Well, there’s your problem. What IS that? A nine speed?
Here’s what to do when you have a blowout on the back tire of a Co-Motion tandem on West Pine Street between North 3rd and 2nd streets in Chillicothe, Illinois, at 10 a.m. on a Saturday.
I’d write Saturday, August 29, 2015, but I’m going to take a wild guess and assume you have not completed work on your time-travel machine. No problem, these instructions hold for any Saturday, and, who knows, you may be able to go back in time at some future date.
1) Identify the firecracker sound coming from the rear of the machine. Confirm the flat by sensing the rim squirm on the unsupported sidewalls of the tire as you come to a stop.
The second sound you hear almost immediately comes from your stoker; recall her making a similar sound in 2005 on the way back from the Midwest Tandem Rally in Grand Rapids, Michigan, when the Mazda Tribute’s side air bags blew for no good reason as you shut down the engine at a gas station just off I-80.
Almost forgot, you want to be going about seven miles per hour when the tire blows because you just pulled away from a delightful stop at Happy Thought Coffee on North 2nd Street, and now you’re slowing for the railroad crossing.
Pro tip #1: If you’re going to have a blowout, travel at a reasonable speed, not the 36 miles per hour you were doing on Blue Ridge Road an hour and a half before the tire registered its complaint.
Pro tip #2: It would be better if you had the blowout in your basement workshop, which is eight miles away, and even better, if you weren’t riding your Co-Motion tandem at the time, which you wouldn’t, because who would?
Cartoonist Richard Guindon once drew a man tossing cash at the flat tire of his car. The caption was “Liberal throwing money at a problem.”
2) Listen to your stoker explain that the problem is not the tube but the tube and tire. Be thankful she’s no longer making that sound.
3) Understand your reasoning for continuing to use an obviously bald, and now, obviously flat, tire 300 or 400 miles ago–that you didn’t feel you’d gotten enough miles out of it—is evidence of a misinformed frugality, willful ignorance of cause and effect, a more systemic thought process gone haywire or some causal combination. Don’t spend a lot of time on this; it doesn’t matter. It’s time to Take Action.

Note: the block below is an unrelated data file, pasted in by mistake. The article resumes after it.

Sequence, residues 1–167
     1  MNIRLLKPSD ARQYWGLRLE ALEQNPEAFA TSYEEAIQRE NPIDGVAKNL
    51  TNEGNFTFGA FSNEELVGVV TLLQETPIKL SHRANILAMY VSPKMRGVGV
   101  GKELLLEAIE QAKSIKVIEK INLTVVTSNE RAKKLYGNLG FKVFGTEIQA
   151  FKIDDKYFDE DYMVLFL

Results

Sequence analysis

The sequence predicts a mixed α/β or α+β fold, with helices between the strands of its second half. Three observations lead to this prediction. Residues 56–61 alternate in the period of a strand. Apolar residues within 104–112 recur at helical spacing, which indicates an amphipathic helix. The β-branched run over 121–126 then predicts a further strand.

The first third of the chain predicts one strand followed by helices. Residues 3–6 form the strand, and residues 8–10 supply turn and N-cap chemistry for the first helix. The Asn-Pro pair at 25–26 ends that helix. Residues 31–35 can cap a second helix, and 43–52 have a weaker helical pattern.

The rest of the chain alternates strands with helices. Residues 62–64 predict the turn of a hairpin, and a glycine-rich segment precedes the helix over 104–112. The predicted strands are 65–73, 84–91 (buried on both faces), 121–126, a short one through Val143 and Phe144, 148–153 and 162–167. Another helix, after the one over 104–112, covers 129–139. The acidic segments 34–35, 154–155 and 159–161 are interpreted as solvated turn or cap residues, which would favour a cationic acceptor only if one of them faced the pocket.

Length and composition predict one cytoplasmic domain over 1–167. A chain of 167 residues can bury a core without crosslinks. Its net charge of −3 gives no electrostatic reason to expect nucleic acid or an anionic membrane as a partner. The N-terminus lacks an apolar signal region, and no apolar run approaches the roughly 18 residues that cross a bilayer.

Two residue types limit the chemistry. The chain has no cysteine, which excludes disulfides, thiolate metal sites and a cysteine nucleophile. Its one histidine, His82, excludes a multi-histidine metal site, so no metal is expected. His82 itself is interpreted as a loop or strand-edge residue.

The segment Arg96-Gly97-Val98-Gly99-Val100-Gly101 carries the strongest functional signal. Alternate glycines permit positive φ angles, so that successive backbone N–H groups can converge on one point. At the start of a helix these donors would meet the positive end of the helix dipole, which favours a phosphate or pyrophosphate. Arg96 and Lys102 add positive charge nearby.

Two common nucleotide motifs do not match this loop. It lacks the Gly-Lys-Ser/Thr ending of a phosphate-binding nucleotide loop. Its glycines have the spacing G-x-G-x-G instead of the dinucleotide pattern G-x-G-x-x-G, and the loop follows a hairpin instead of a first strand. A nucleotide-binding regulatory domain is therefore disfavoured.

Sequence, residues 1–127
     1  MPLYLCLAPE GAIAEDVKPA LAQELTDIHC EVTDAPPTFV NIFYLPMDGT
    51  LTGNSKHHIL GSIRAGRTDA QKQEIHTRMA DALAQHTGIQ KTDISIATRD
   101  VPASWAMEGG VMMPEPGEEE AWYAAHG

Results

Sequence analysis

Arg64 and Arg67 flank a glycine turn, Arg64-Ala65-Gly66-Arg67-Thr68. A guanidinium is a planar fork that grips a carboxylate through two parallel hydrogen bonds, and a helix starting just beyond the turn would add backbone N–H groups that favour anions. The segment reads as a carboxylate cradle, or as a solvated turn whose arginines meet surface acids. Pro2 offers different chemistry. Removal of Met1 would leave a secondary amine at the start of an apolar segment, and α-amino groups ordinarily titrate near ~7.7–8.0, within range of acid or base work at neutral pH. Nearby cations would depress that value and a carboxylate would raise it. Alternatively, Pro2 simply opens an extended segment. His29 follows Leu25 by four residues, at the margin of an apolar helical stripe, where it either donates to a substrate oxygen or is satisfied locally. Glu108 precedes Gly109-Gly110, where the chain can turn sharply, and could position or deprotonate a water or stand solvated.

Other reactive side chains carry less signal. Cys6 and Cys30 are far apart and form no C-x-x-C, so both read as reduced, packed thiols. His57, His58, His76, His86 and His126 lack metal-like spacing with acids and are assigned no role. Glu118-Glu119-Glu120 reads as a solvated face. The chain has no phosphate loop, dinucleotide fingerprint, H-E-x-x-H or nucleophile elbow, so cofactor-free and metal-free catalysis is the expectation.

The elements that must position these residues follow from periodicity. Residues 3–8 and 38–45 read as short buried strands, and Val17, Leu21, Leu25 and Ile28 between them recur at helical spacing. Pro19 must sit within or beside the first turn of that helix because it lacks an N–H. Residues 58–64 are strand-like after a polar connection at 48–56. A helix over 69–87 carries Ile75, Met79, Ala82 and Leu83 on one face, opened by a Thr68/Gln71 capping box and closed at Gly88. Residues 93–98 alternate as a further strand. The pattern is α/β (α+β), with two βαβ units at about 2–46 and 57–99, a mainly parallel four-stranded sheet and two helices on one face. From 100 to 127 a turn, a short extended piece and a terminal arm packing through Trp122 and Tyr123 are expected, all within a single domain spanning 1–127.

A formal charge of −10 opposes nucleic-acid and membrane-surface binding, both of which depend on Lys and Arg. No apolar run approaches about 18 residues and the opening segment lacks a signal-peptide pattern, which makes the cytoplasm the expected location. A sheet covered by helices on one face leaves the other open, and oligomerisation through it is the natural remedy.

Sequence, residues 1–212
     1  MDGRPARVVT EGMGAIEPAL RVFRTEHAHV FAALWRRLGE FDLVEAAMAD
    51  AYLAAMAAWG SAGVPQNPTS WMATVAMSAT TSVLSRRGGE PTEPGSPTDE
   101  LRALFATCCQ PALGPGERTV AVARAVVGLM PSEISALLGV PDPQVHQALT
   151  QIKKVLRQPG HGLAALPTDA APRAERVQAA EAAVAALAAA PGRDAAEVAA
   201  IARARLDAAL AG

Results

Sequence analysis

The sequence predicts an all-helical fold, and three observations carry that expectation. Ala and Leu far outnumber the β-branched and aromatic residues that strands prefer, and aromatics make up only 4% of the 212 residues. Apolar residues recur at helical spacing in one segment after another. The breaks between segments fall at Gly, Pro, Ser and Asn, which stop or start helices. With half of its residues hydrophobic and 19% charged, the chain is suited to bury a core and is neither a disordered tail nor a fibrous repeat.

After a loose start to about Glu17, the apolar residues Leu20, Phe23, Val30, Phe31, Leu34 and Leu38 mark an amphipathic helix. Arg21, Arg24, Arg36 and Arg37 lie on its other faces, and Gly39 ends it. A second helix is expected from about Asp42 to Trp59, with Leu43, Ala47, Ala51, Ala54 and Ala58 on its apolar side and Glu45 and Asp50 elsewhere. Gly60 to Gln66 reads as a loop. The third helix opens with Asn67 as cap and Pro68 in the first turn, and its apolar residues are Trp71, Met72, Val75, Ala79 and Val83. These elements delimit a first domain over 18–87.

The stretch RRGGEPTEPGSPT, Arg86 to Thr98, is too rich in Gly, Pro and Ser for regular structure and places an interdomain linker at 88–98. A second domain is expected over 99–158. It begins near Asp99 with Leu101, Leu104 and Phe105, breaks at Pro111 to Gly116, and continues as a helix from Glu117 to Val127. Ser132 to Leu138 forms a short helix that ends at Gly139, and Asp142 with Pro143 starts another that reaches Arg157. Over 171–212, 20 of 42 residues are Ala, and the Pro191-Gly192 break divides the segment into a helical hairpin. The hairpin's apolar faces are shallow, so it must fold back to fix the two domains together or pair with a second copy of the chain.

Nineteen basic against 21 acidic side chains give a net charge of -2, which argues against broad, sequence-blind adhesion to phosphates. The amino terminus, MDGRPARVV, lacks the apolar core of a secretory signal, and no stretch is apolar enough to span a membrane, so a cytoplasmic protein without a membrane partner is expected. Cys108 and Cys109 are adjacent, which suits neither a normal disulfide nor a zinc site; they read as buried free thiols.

4) Turn the tandem upside down. Mourn the gravity of the injury to the tire. Remove the rear wheel.
5) Get grease on your hand from the chain. Ask your stoker for a Wet Ones Sensitive Skin Hand Wipe. Remove grease. (You’ve done this before.)
6) Remove tire and inner tube. Don’t bother inspecting the tube; you won’t be using it again. You’re kind of stuck with the tire, though. Confirm that the casing has a major cut and a minor one. You must take care of both injuries to continue your journey awheel.
Wondering what all the fuss is about disc brakes these days? Consider the advantage of retaining a brake even when the rim is unavailable as a braking surface.
7) Ask your stoker for money. (You’ve done this before, too. Oh, hell: you’ve done all of this before, but you weren’t riding a tandem; now there’s a witness.) Specifically, ask for two paper bills.
8) Retrieve your spare tube. Position the bills between the inner tube and the inside of the tire, covering both casing cuts.
9) Assemble tire, bills, tube and wheel. Inflate to 65 to 75 psi, not the usual 110 psi. Use the tire gauge that no one carries in situations like this, not even you.
10) Exhibit total confidence in the repair by reinstalling the Presta valve nut and cap. By the way, actual total confidence is not necessary, just its exhibition. How do you do it? Same way Jon Lovitz does it: “Acting!”
11) Install rear wheel assembly.
12) Walk tandem one-half block southwest to the True Value Hardware store at 307 West Walnut Street.
Pro tip #3: It’s always a good idea to break down a half block from either a bicycle shop or a hardware store. Plan your blowouts accordingly.
13) Ask stoker to buy electrical tape so you can cover the external wound and prevent the entrance of debris (or even derock). Thank her for reemerging from the store instead with the miracle product that is Gorilla Tape To-Go.
My crossing to bear.
14) Wrap Gorilla Tape To-Go around tire. This is a good time to consider how lucky you were to spec a rear disc brake on the tandem 10 years ago. You may have a paper-thin tire, but you still have two brakes.
15) Police your brass. Nobody likes a litterer.
16) Ride eight miles home at moderate speed. Walk tandem across railroad tracks. Use brakes to moderate downhill speed. Roll into driveway. Inspect rear tire.
17) Write Gorilla Tape a letter. Use this one as a template, or refer to the original, if you’d like.
Mr. Gough Rilla
Dear Sir: –
While the bald rear tire of my tandem still holds air, I will tell you what a dandy duct-tape product you make. In the past, I used electrician’s tape to make emergency repairs to tires that shouldn’t have been repaired. Sometimes I even made it home. And while I will never again ride a tire that is so clearly suicidal, should I need to make such repairs in the future, they will be with your fine tape. I don’t know where you get your stickum, but it must be a magical place that no English sparrow can enter and survive.
Samuel “Cheated Failure Again” Joslin
Eight miles later, the tape is still in better condition than the original tread.